So, the latest set of quarterly employment tribunal statistics – covering the period April to June 2019 (Q1 of 2019/20) – was published by the Ministry of Injustice yesterday, and it is time to play another round of that thrilling parlour game, Are ET Claim Numbers Continuing To Surge After The Abolition of ET Fees?
Well, as the Ministry notes in its summary document, the number of single claims/cases increased by 14%, compared to the same quarter in 2018. And the Ministry suggests that this is “most likely due to the continued effect of the abolition of ET fees on 26 July 2017”.
However, the increase was only 7.4% when compared to the previous quarter, so it’s not clear to me whether this counts as a “continued effect”, or just a mild upwards trend that might be due to the abolition of fees two years ago, or might reflect other more current influences (such as the record number of people in employment, or the impact of Brexit). Whatever, here’s a chart, and you can make your own assessment.
Interestingly, the picture is a little different when we look at the number of jurisdictional claims, as I did late last night to see which if any jurisdictions might be driving this mild upwards trend in single claim/case numbers.
For this exercise, I compared the two six-month periods, January to June 2018, and January to June 2019. Both periods post-date the abolition of fees (in July 2017), of course, so the comparison should reveal any ongoing trends. And the results are somewhat surprising, to me at least.
Because, as the following table shows, in 14 of the 22 jurisdictions (including ‘Others’) identified by the Ministry of Injustice in its statistics, the number of claims fell – in many cases quite significantly. And the total number of jurisdictional claims fell by 19.3%.
These 14 jurisdictions include most of the ‘high volume’ jurisdictions, such as Working Time Directive (down 57.2%), Equal Pay (down 18.1%), and Unfair Dismissal (down 4.4%), as well as six of the seven discrimination jurisdictions: the number of Sex Discrimination claims fell by 14.7%, Age Discrimination claims fell by 47.0%, and Pregnancy Discrimination claims fell by 8.3%. In contrast, the number of Breach of Contract claims rose by just 1.6%, and the only jurisdiction in which there was a substantial increase was ‘Others’ (which rose by 49.0%).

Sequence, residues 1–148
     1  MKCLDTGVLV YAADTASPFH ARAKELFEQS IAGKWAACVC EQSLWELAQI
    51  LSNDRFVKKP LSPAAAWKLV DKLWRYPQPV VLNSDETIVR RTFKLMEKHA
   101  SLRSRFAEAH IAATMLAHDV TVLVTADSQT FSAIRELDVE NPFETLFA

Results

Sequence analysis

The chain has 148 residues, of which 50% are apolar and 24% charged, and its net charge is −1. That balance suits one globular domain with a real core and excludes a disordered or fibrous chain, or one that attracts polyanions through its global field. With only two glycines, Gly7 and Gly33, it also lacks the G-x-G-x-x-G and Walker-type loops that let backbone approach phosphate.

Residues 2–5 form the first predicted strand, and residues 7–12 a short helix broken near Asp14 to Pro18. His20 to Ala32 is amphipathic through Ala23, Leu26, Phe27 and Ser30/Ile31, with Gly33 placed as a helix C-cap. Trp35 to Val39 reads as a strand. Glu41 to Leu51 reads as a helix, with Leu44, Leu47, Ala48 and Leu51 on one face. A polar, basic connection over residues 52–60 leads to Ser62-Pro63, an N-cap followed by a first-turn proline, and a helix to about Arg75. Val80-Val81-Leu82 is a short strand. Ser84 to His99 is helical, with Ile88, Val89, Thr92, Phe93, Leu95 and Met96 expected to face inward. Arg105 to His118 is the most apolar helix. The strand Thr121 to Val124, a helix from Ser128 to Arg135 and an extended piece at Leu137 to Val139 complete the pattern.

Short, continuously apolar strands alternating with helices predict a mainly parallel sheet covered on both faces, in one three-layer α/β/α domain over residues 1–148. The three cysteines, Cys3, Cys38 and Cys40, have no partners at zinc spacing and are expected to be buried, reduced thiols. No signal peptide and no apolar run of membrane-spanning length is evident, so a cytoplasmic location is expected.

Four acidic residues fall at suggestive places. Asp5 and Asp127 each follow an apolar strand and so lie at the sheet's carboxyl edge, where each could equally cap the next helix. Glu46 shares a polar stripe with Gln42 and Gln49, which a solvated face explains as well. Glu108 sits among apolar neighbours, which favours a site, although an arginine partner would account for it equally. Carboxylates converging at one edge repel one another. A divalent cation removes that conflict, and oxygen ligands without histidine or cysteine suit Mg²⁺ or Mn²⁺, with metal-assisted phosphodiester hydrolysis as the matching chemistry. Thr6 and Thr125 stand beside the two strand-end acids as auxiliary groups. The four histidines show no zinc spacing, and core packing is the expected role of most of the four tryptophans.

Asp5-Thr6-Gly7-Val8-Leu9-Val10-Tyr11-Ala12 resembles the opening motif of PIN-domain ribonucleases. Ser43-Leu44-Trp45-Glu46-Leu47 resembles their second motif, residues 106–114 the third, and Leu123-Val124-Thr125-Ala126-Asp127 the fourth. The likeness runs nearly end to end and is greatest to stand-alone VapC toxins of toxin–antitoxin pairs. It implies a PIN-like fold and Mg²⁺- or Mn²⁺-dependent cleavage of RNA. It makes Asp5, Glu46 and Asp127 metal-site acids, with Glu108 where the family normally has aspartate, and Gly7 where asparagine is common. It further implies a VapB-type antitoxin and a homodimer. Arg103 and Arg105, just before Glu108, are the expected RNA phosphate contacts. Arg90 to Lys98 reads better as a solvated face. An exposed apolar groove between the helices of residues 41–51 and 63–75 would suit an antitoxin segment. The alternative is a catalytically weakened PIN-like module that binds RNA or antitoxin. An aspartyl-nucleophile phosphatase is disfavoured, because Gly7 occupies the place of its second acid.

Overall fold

Yes, yes, as I have said myself many, many times, care must be taken when analysing the number of jurisdictional claims, as these vary significantly over time (in some jurisdictions at least) due to the influence of large multiple claimant cases. However, in recent months, that hasn’t stopped the planet’s leading employment law firm, GQ Littler, the CIPD and supposedly expert HR publications such as Personnel Today from pushing or running stories about supposedly astonishing spikes in the number of Disability, Pregnancy and Sex Discrimination claims.
|Jurisdiction||Jan – June 2018||Jan – June 2019||% change|
|Breach of contract||7,118||7,230||1.6|
|National Minimum Wage||233||107||-54.1|
|Part-time workers Regs||97||116||19.6|
|Public interest disclosure||1,347||1,362||1.1|
|Redundancy (inform & consult)||3,994||2,747||-31.2|
|Sexual orientation discrimination||217||196||-9.7|
|Suffer detriment/unfair dismissal – pregnancy||833||764||-8.3|
|Working Time Directive||36,654||15,703||-57.2|
|Written pay statement||1,866||314||-83.2|
|Written statement (dismissal)||146||195||33.6|
|Written statement (T&Cs)||705||634||-10.1|
Yesterday, after I tweeted the chart above, employment lawyer and #ukemplaw tweep Pete Holmes commented that his firm “are down on claims from last year. Unless we have a sudden surge we’ll have dealt with fewer early conciliations and [ET] claims compared to 2018”. The table above suggests Pete’s firm may not be the only one.
However, it is surely only a matter of time before GQ Littler have an article in The Times or Personnel Today about the rocketing 33.6% increase in Written Statement of Reasons for Dismissal claims. All 49 of them.